Retail therapy is great, but returns can take the fun out of it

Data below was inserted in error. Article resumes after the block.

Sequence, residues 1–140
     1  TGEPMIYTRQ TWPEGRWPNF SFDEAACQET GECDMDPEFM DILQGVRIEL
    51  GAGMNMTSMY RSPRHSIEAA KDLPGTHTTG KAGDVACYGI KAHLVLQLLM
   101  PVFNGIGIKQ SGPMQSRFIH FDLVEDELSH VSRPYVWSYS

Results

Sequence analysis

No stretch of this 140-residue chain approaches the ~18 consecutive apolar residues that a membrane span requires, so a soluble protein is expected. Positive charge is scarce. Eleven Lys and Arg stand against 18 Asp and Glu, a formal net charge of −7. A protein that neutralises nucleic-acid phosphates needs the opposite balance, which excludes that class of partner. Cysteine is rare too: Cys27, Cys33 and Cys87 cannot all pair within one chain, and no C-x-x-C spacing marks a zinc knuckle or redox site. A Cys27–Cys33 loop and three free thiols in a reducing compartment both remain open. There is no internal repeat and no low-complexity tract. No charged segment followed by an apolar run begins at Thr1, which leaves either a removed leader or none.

In this pandemic shopping online way way more than we ever have. And sometimes we want to return things. We by which can be a hassle with shipping and restocking fees and printing out. Return labels with the printers. Definitely all have at home. This holiday season some retailers are trying to make returns easier like employees at simon malls will process returns for brands like levi's gap. So all you have to do is go to a mall. Kiosk with your item and qr code but as annoying as online returns can be for us. They might be worse for the retailers. Cerita dali is a retail analyst at forrester. She says when you return something you bought online it usually goes back to a warehouse and then the retailer has to decide what to do with it and either it will go to potentially what we call jobbers who buy the merchandise for cents on the dollar or it could get destroyed. If it's not in re salable condition out the other scenario. Is that if it actually is in resale condition. They need to think about whether they're going to mark it down or whether they're going to sell it. Put it back on the shelf at full price. It sounds like a lot of decisions to make a lot of decisions and that's why over the years. There's been a lot of return software. That's been created to try to keep track of all this stuff and try to create some consistency around the process. And does that software work. It can software make these kinds of decisions about. Should we accept this sweater back and should we resell it or destroyed or whatever to some degree. I mean there's some information that software can provide. It can let you know how much of the inventory is actually still being sold. It can tell you. is it a really hot item. And it's highly likely that there's a good chance that it could sell again at full price if you were to put it on the shelf but there's still a level of human interaction that's necessary. I mean somebody has to inspect the merchandise and assess whether it's been warning or you know. Is there a stain on it. Or is the tag missing because all of that can impact things like the sale ability and the salvage ability of that merchandise so it sounds like getting online returns that are mailed back to you as a retailer. That sounds like a pretty expensive process. Oh yeah i mean it's expensive to ship and then it's kind of equally more expensive to return because you could not only do you have to pay for the shipping back which many retailers often do but then kind of you could be losing the salvage ability if it's not in resale lable condition. So that's why some of the i would say. The stingiest retailers often don't pay return shipping. Because they are trying to dissuade you from returning altogether and others may even charge a restocking fee in addition to you know kind of making you pay return shipping to really really discourage you from returning that merchandise. I mean it sounds like retailers are really been trying to figure this out to hack this process right and make returns easier for them and for us And also cheaper for them. Are there any other ways. They're doing that are weezer using technology to do it. Well i mean the the cheapest return is the return. That never happens right. So having more accurate sizing charts having more accurate photography. The closer that you can be to. The actual product is and simulate the lighting and the coloring so that it actually looks like what ship that's the ideal And that can reduce returns to one of the number one reasons that people return either clothing or homegoods anything kind of aesthetic is typically because the item was not pictured as what was ultimately sent. The things that you mentioned retailers are doing on their websites to try to give customers a better sense of a product before they buy. Do you think that that'll work this year that it'll at least help. Keep the number of returns down one. The type of merchandise has changed. It's too much more casual. Wear to start with so that kind of merchandise is kind of. It's easier to fit than you know kind of work. Wear or kind of dress shoes. So that's something that is in favor of apparel merchants in particular to start with and then on top of that if you do put in more photographs more accurate photography you focus on your sizing charts and the accuracy of your sizing charts. You're collecting ratings and reviews from customers that are giving their comments on the size and fit of of the merchandise. All of that is good and it doesn't hurt sales and it doesn't hurt the the accuracy of the information that you're you're providing so i do think that it should help managing returns even though e commerce is grown.